Even when small children are running around seemingly healthy, they often have symptoms that require your attention — runny noses, coughs, low-grade fevers. A two-year-old won't blow or wipe his nose, he won't cover his mouth when he coughs, and most likely he won't tell you he wants to take it easy because he feels like he's coming down with an ailment. As an adult, you are able to recognize the initial symptoms of colds and other minor illnesses and as a result can treat these early on, often avoiding illness.
Similarly, in order to maintain your two-year-old's good health you need to know her body as intimately as your own, recognizing the first sign of illness through changes in her body or behavior. When you notice your child not being herself — whether this is reflected in her energy level, her sleeping pattern, eating habits, mood, or just by the way she looks (red eyes, dark circles under her eyes, pale skin, for example) — you can assume she's not feeling well.
When a toddler suddenly doesn't have the energy to get out of bed or he just wants to sit on the couch, there's a good chance he's sick. Lethargy can take the form not only of a need to sleep but of an inability to wake up and be alert. If your two-year-old is not moving about and seems to need you to hold him more than usual, he's likely not well and should see a doctor.
If your child tugs his ear or shakes his head a lot, he might have an ear infection. A two-year-old can't always tell you that his ear hurts, so he'll touch it rather than communicate in words. If he's crying a lot, he may also be in pain. Remember, an earache more often presents with a dull throbbing than with acute pain. Unlike a “boo-boo” that a two-year-old can recognize as an injury, earache pain may be difficult for your two-year-old to describe.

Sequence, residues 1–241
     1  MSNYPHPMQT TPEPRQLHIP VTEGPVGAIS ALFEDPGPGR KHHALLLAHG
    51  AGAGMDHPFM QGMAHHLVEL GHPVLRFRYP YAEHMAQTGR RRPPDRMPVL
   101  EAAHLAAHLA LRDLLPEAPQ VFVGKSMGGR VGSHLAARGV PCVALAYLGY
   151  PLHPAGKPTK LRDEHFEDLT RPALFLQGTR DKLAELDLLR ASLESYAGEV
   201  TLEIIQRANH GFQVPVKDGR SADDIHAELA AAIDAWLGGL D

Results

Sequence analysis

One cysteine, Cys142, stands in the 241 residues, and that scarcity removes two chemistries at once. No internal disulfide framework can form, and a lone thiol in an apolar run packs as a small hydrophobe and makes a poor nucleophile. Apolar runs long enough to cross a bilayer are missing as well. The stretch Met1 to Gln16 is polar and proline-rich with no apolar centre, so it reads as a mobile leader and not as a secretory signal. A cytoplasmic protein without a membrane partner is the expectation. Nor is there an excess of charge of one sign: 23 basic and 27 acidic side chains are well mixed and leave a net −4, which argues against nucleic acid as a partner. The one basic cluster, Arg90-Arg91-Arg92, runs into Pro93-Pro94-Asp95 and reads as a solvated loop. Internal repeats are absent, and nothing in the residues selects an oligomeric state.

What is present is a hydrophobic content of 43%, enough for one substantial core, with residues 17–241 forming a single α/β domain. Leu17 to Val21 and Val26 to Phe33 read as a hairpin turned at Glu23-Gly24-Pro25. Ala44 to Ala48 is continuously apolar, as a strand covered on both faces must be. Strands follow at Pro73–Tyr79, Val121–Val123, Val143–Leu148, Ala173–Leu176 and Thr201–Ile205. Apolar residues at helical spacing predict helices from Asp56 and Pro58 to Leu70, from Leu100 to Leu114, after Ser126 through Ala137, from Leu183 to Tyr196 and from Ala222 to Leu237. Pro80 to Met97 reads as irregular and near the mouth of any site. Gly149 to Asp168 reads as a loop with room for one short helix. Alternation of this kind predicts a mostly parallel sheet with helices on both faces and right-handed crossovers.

Breathing problems usually develop over time from a cold or exposure to an allergen. If your child develops a cough or congestion that evolves into difficulty breathing, meaning that he is taking shallow breaths, can't catch his breath, or is gasping for breath, you must take him to the doctor or an emergency room immediately. If your child's breathing becomes audible, that is another sign something is wrong. Not being able to catch his breath often scares a child, so try to keep him calm; anxiety or nervousness will make his breathing even more shallow. If you take deep breaths in front of him he may be able to imitate you, and that will help him calm down. Many breathing problems manifest as a cough that builds up over time. It is unusual for children to develop any of these breathing difficulties without some preceding symptoms like cough, fever, or runny nose. If your child has a cough that progresses to the point of him vomiting and having difficulty breathing, you should call your doctor immediately.
Always trust your own judgment in deciding whether to take your child to the doctor. It is always better to be concerned enough to seek help (even if nothing proves to be wrong) than to wait to seek treatment until your child is terribly ill.